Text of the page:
Wednesday, February 15, 2017

Proposed 30-Second Replay Time Limit Under Review

MLB's latest replay review proposal is a 30-second time limit for manager delay, or 'hold' strategy, that has been used by teams deciding whether or not to challenge an umpire's call since expanded replay made its 2014 debut. Similarly, a two-minute "guideline" for Replay Officials in MLBAM's New York Replay HQ is also under consideration, although sources say that often times the definitive angle or slow-motion replay is not immediately accessible to the umpires in New York, and sometimes only arrives at MLBAM after the two-minute mark.

According to an ESPN report, Major League Baseball has been in talks with the umpires' union (World Umpires Association) concerning its latest effort to improve pace-of-play and reduce game times. Sources familiar with the situation said that introducing a 30-second time limit for managers to decide whether or not to file a Manager's Challenge is but one of several potential changes to replay under consideration.

Because inning-ending, game-ending, and pitching change-related challenges already are subject to their own unique restrictions regarding review timeliness, timing for these situations would likely stay the same. For instance, managers must exercise their challenge on game-ending plays "immediately" upon the conclusion of such a play, a lesson Reds skipper Bryan Price learned all too well in late 2016, when he failed to challenge Cardinals batter Yadier Molina's walk-off hit that scored game-winning baserunner Matt Carpenter from first base. Replays indicate the ball bounced out of play such that R1 Carpenter would likely have been placed back at third base had the play gone to Review.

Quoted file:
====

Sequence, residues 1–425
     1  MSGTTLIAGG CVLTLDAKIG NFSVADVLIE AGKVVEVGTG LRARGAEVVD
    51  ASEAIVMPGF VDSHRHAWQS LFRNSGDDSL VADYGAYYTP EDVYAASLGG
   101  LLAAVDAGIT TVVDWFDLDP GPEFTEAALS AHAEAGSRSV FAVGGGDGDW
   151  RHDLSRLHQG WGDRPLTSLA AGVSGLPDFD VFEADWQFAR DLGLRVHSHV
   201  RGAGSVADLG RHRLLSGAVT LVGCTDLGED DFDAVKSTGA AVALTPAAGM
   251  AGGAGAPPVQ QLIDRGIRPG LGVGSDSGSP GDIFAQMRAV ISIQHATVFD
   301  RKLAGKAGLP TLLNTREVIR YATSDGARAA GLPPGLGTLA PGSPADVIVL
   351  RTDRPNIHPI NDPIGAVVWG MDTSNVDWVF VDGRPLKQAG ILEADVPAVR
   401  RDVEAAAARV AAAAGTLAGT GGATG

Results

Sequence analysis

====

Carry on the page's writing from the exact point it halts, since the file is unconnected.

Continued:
Bryan Price wants more pre-review time.
Price told reporters that by the time his ball club had completed its own internal review of the play, and decided to exercise the Manager's Challenge, the umpires had already left the playing field pursuant to Replay Regulation II.D.1 ("A challenge to a play that ends the game must be invoked immediately upon the conclusion of the play, and both Clubs shall remain in their dugouts until the Replay Official issues his decision"). Because he failed to notify umpires immediately, the game was declared over.

Similarly, inning-ending challenges are subject to the following guidelines: First, within 10 seconds of the conclusion of the inning-ending play, a manager must run onto the field and notify an umpire that the team is considering filing a challenge. Second, within 30 seconds of the manager's entrance onto the playing field, a final decision must be given. If the manager fails to abide by the 10- and 30-second time limits, the umpire may deny the challenge request.

MLB's current proposal effectively would take the end-of-inning's 30-second time limit and expand that restriction to all other 'ordinary' replay review situations that might occur during a game.

Insofar as delay of game is concerned, the present regulation states that "on-field personnel may not intentionally delay the game in order to provide their club with additional time to challenge a play." Managers may not personally access video in the clubhouse (although they may speak with a coach or video coordinator who has access to the video replays), and umpires may warn teams if they feel the team is delaying its review: there is presently no time limit attached to any of the review regulations other than those described above.

Data from 2016 indicates the average review took one-minute and 36 seconds to complete, compared to 1:51 in 2015 (a 15-second decrease), with umpires spending just 1:10 on their headsets awaiting NY's decision, compared to 1:27 in 2015 (a 17-second decrease). In 2015, only 5.3% of reviews took over three minutes to complete, and 1.2% took four minutes or longer.


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